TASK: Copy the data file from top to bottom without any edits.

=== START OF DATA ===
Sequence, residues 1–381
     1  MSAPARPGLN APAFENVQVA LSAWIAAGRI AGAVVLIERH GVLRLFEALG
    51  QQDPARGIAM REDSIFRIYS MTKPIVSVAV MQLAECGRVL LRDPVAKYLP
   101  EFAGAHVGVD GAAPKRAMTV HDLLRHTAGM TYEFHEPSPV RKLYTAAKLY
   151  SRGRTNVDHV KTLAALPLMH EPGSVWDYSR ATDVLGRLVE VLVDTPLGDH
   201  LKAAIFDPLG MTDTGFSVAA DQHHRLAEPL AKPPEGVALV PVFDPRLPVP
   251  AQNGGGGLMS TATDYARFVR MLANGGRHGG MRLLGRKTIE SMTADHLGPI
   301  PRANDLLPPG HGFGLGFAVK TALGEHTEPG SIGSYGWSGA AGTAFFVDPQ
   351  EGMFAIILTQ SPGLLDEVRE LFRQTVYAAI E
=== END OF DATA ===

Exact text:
Sequence, residues 1–381
     1  MSAPARPGLN APAFENVQVA LSAWIAAGRI AGAVVLIERH GVLRLFEALG
    51  QQDPARGIAM REDSIFRIYS MTKPIVSVAV MQLAECGRVL LRDPVAKYLP
   101  EFAGAHVGVD GAAPKRAMTV HDLLRHTAGM TYEFHEPSPV RKLYTAAKLY
   151  SRGRTNVDHV KTLAALPLMH EPGSVWDYSR ATDVLGRLVE VLVDTPLGDH
   201  LKAAIFDPLG MTDTGFSVAA DQHHRLAEPL AKPPEGVALV PVFDPRLPVP
   251  AQNGGGGLMS TATDYARFVR MLANGGRHGG MRLLGRKTIE SMTADHLGPI
   301  PRANDLLPPG HGFGLGFAVK TALGEHTEPG SIGSYGWSGA AGTAFFVDPQ
   351  EGMFAIILTQ SPGLLDEVRE LFRQTVYAAI E